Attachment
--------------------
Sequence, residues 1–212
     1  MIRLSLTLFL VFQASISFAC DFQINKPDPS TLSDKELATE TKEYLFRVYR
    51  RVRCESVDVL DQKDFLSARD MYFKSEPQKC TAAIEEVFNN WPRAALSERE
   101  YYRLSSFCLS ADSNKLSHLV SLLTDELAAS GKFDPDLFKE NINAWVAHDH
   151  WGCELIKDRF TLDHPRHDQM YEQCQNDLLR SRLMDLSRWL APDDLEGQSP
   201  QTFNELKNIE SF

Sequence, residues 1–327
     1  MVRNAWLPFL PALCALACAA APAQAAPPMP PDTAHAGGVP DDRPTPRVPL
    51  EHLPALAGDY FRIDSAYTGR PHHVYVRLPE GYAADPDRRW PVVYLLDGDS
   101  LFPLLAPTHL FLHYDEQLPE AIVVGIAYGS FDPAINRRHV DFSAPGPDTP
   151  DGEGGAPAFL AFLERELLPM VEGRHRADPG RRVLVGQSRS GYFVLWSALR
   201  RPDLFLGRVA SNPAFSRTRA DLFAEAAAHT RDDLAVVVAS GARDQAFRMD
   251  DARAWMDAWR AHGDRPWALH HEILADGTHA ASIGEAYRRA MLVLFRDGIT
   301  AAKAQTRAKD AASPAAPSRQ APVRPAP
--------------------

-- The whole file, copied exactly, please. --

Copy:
Sequence, residues 1–212
     1  MIRLSLTLFL VFQASISFAC DFQINKPDPS TLSDKELATE TKEYLFRVYR
    51  RVRCESVDVL DQKDFLSARD MYFKSEPQKC TAAIEEVFNN WPRAALSERE
   101  YYRLSSFCLS ADSNKLSHLV SLLTDELAAS GKFDPDLFKE NINAWVAHDH
   151  WGCELIKDRF TLDHPRHDQM YEQCQNDLLR SRLMDLSRWL APDDLEGQSP
   201  QTFNELKNIE SF

Sequence, residues 1–327
     1  MVRNAWLPFL PALCALACAA APAQAAPPMP PDTAHAGGVP DDRPTPRVPL
    51  EHLPALAGDY FRIDSAYTGR PHHVYVRLPE GYAADPDRRW PVVYLLDGDS
   101  LFPLLAPTHL FLHYDEQLPE AIVVGIAYGS FDPAINRRHV DFSAPGPDTP
   151  DGEGGAPAFL AFLERELLPM VEGRHRADPG RRVLVGQSRS GYFVLWSALR
   201  RPDLFLGRVA SNPAFSRTRA DLFAEAAAHT RDDLAVVVAS GARDQAFRMD
   251  DARAWMDAWR AHGDRPWALH HEILADGTHA ASIGEAYRRA MLVLFRDGIT
   301  AAKAQTRAKD AASPAAPSRQ APVRPAP